The Pensées of Pascal and the Conversion of Judith Caboud

The Pensées of Pascal and the Conversion of Judith Caboud
Blaise , 1623-1662 (author of Pensées)
The music of Bach roused up in the heart and soul of Judith Caboud a desire for the transcendent. But it was the writing of Pascal that brought her to the Church. Assigned to read Pascal’s Pensées for her studies in Paris, she followed the argument perfectly. Judith grasped the significance of his apologetic:  “he made a between science, or I could say pseudoscientific studies that I was doing, and the world of God and true religion.”

Her own religious heritage from a Jewish childhood had not brought her to a relationship to God and she saw only a formality of religion. The beauty of culture roused up the desire for God. The various thoughts of Pascal led her to see the way to God.

I have identified the following Pensées she found important for the steps towards ; in the Lafuma edition (Penguin edition) they are numbers:
201: “the silence of the infinite spaces frightens me”
622: we seek diversion and we fear to be at rest or to endure silence because we come face to face with our solitude, weakness and emptiness
199: we contemplate the two infinities of the very large and the very small and see the disproportion of man in the world
200: man as a thinking reed, whose glory is to think and to confront our own death
198: we inevitably experience our own inability to find the full truth, as well as the inability to achieve goodness; thus we feel forlorn and as if abandoned on a desert island — can one find any hope? “Has God left any trace of himself?”
She then turned to the many ruminations by Pascal on scripture and prophecy then led her to this decisive passage from Pensées about the commonality of the Jews and Christians as witnesses to the Messiah —
286: “Two kinds of men in every religion. Among the heathen those who worship animals and others who worship the one God of natural religion. Among the Jews those who were carnal and those who were spiritual, the Christians of the old law. Among the Christians the gross ones, who are Jews of the new law. The carnal Jews awaited a carnal messiah, and the gross Christians believe the Messiah has dispensed them from loving God. True Jews and True Christians worship a Messiah who makes them love God.”
Just as Augustine opened the book after hearing “Tolle et lege” and he came to believe when struck by a passage, so too Judith opened Pascal’s Pensées to read that passage and she experienced the joy of conversion. Grace poured into her heart. Augustine was fond of Romans 5:5: “Hope does not disappoint us, because the love of God has been poured into our hearts through the Holy Spirit that has been given to us.”

In her beautiful prose she wrote:

“Millions of stars were sparkling in the cold December night and rays of ineffable light were pouring down through the darkness toward me. Unbearable emotion swelled my heart and tears came to relieve the aching; throbbing truth and something inside of me, were whispering and telling and showing me, in the gushing of sudden brightness around me: “Jesus Christ is God! Jesus Christ is God!” 
She made an act of faith.
 The following is her summary of the book, found on her web page, Hebrew Catholics:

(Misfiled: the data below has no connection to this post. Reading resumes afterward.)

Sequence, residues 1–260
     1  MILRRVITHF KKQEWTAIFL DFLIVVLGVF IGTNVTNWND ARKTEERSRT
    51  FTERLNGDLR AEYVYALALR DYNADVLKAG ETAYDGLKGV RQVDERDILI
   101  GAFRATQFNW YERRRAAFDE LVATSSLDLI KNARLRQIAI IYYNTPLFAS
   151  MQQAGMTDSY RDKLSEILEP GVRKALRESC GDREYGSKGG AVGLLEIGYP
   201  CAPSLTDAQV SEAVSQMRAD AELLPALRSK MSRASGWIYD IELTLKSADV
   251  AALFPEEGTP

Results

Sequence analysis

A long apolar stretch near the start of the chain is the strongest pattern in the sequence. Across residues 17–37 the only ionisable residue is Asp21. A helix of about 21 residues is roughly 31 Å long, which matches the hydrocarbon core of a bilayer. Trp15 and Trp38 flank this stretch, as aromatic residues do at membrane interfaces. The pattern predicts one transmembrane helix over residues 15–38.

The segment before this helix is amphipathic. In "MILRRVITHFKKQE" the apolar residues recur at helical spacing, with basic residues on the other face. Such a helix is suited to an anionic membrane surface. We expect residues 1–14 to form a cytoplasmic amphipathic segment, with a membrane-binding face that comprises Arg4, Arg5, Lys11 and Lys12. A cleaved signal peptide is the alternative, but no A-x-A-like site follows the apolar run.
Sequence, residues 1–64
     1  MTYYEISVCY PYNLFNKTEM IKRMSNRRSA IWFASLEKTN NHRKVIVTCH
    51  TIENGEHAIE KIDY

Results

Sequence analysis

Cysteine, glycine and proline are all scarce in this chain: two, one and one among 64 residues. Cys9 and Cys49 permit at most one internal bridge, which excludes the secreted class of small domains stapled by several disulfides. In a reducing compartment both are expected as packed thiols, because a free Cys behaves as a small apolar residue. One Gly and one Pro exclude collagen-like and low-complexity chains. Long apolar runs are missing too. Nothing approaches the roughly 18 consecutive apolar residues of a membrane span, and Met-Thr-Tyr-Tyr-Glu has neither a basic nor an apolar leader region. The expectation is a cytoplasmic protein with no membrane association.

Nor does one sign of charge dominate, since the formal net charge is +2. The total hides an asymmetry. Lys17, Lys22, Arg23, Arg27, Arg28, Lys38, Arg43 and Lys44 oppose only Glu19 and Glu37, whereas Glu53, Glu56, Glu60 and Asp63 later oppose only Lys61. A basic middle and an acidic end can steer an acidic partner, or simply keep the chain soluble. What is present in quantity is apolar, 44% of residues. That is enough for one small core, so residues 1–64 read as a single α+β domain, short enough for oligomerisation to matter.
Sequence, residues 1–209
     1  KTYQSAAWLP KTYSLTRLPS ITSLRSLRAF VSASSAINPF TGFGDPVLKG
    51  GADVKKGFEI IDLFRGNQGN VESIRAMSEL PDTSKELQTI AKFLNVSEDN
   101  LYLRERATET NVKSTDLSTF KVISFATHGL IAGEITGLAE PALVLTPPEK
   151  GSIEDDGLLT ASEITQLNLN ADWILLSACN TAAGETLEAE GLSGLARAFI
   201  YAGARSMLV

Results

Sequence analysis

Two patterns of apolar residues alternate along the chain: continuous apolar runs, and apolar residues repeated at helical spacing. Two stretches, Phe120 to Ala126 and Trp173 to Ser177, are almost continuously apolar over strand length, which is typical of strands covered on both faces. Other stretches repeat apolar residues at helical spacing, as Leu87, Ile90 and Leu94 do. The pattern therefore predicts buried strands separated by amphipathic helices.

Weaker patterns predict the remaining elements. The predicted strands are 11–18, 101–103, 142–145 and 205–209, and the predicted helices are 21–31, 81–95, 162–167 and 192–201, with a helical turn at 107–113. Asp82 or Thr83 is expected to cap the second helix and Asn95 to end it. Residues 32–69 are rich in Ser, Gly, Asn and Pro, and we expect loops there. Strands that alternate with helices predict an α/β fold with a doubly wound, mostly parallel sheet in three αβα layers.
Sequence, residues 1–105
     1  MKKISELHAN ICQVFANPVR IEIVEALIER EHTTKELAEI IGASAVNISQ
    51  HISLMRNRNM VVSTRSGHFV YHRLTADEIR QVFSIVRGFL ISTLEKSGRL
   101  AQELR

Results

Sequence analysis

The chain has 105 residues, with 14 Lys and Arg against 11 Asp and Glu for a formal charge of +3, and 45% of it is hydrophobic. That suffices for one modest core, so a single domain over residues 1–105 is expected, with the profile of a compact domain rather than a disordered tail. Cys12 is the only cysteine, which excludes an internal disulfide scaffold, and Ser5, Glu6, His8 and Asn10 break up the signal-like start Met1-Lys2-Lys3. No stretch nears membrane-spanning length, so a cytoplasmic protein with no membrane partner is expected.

The most striking event was that he himself, Blaise Pascal, had this huge revelation of God as being the God of Abraham, Isaac, and Jacob, and not the God of the philosophers and the scientists. And so I said to myself, “Gee, this guy, he was not even born a Jew, and he found that there must be something to it.” Then I was reading those Pensées by Pascal one December evening. It was already late and the stars were out. I was sitting in this little room in Paris where I was studying, and it was like something had given me a hit on the head. I really felt like something had happened. It was like beaming light that suddenly immersed my soul, and without understanding why, within a second, I said, “Jesus Christ is God.” The young man, Jean, was sitting there. He was there and saw it; he’s a witness, an eyewitness. In fact, he was tired of arguing with me on questions of religion. He could not understand what I was saying. I had fathomed in an intuitive way this mysterious between the Old and the New Testament. Pascal’s explanation was so luminous to me. Me, I was sitting in obscurity, and all of a sudden this light went on. Pascal said, “Faithful Jews and faithful Christians both adore the Messiah, who makes them love God.” So of course, all of a sudden I wanted to accomplish what I had always secretly desired, that is, to understand what it meant to be a real Jew. And according to this great writer, it was necessary first, therefore, to become a real Christian; this is exactly what happened. In other words, just follow the dotted line. This unexpected grace was on a perfectly logical path, and I took the plunge once more, and this time, hand in hand with Jean, it led me closer to God, to Jesus Christ and His Church.

For good reason did Fr. Oakes call Pascal “the first modern Christian” (see his article here). Pascal turned the scientific mind on itself and showed the proper balance between certitude and doubt; most of all he opened the way to a renewed appreciation of both mind and heart. He was a man who was great in mind (his mathematical and scientific discoveries are monumental) and he was also great in the depth of his thought about the human condition; at the outset of an age that sought to reduce man and master nature (shades of the “Abolition of Man”), he showed true greatness of heart and love of wisdom..

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